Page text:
Doo Wop, a name that not all of the music's devotees embrace, was music made by vocal groups. In the age of early Rock and Roll, the vocal groups connected with Doo Wop were turning out some of Rock and Roll's most enduring and successful music. In cities like New York, Baltimore, and Los Angeles, Doo Wop was often practiced on the street. As with many among Rock and Roll's most influential styles, Doo Wop, like Hip Hop so many years later, didn't require classical training, knowledge of instruments, excessive equipment, or a rehearsal hall. Singers improvised in imitation of the instruments they didn't have, managing to create a "group" sound with none of the trappings and all of the energy.
The roots of Doo Wop are multiple, but perhaps the most conspicuous trail leads back to the Mills Brothers. The Mills Brothers penetrated the mainstream as no African-American act before them, with songs like "Paper Doll" of 1943 providing them with massive popular hits. Early on in their career, the Mills Brothers started using their voices to imitate instruments, an approach that would become central in the Doo Wop style. But perhaps more than anything, the Mills Brothers can be credited with cultivating the audience's love of the vocal group sound.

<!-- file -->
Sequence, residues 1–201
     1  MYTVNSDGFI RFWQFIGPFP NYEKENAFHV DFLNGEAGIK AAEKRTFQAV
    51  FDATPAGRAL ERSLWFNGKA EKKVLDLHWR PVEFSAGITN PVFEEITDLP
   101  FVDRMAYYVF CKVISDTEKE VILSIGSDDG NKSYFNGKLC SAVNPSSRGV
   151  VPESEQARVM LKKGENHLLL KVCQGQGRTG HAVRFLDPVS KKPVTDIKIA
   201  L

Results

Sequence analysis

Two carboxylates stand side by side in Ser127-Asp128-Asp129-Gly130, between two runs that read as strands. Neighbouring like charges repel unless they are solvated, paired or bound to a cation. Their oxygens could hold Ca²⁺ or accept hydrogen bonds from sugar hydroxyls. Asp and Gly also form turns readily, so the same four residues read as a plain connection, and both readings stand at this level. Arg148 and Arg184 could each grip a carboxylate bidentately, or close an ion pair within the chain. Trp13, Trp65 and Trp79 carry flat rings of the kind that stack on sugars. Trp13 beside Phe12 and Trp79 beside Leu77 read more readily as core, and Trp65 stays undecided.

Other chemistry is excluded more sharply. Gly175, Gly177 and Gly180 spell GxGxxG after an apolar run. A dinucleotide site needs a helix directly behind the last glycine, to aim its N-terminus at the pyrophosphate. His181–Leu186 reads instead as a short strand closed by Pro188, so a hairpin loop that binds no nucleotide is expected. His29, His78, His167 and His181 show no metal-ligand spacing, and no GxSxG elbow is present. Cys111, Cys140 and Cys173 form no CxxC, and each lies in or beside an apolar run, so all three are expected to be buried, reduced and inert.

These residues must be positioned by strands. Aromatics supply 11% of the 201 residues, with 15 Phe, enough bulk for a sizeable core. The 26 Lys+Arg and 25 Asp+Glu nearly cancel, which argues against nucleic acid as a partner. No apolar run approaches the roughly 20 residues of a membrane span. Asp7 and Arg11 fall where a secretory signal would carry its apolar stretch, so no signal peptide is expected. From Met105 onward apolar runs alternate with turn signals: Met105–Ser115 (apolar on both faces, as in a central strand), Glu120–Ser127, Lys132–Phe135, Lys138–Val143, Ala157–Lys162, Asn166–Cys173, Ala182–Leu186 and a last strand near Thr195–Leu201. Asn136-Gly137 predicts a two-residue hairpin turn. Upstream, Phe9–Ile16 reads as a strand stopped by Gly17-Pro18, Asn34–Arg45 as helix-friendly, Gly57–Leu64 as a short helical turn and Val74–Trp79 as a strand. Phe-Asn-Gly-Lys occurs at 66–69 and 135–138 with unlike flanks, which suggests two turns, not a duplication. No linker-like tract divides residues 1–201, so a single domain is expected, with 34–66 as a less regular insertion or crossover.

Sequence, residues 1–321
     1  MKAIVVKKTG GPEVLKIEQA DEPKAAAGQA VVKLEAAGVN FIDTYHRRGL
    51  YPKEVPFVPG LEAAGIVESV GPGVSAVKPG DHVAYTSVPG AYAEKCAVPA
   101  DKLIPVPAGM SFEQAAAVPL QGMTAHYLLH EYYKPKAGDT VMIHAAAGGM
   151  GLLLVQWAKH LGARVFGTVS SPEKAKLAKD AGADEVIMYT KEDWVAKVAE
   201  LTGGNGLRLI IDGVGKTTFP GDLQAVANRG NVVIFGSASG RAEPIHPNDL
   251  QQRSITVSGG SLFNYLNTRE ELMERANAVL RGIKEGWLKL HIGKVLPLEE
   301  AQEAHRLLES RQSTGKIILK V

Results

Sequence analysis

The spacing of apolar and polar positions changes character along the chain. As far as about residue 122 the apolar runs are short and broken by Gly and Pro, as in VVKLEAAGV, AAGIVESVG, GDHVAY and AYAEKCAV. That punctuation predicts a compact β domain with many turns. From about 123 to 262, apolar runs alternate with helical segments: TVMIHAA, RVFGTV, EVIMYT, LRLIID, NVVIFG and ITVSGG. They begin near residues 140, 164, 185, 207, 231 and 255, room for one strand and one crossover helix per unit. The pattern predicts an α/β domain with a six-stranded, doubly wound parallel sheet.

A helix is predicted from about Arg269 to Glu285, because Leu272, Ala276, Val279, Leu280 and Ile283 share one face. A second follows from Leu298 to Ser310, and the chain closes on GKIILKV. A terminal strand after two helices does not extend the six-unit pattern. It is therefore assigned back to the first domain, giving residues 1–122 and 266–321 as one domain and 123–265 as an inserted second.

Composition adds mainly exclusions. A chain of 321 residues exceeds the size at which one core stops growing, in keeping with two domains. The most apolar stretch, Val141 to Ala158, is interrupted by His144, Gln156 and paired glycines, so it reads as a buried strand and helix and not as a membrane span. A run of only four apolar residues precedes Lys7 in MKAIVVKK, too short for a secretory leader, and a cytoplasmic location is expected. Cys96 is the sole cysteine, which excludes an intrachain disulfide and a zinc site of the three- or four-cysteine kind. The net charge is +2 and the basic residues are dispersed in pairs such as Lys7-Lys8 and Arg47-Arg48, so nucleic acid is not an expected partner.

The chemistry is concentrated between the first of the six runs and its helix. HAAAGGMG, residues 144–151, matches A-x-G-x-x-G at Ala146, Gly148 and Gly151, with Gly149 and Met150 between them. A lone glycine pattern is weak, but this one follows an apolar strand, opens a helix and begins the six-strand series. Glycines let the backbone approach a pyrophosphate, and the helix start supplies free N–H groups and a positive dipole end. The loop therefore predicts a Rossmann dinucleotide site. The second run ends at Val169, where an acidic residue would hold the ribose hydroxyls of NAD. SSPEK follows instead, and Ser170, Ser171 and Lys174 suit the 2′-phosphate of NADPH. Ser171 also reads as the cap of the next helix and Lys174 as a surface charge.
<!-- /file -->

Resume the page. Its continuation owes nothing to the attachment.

Lessons that will come in the second phase of the RRAS project will focus on groups like the Flamingos, the Orioles, the Crows, and the Penguins — the so-called "Bird Groups" — and on the cities from which those groups came. One of America's great street sounds, Doo Wop is a genre that makes clear the democratic spirit of Rock and Roll culture.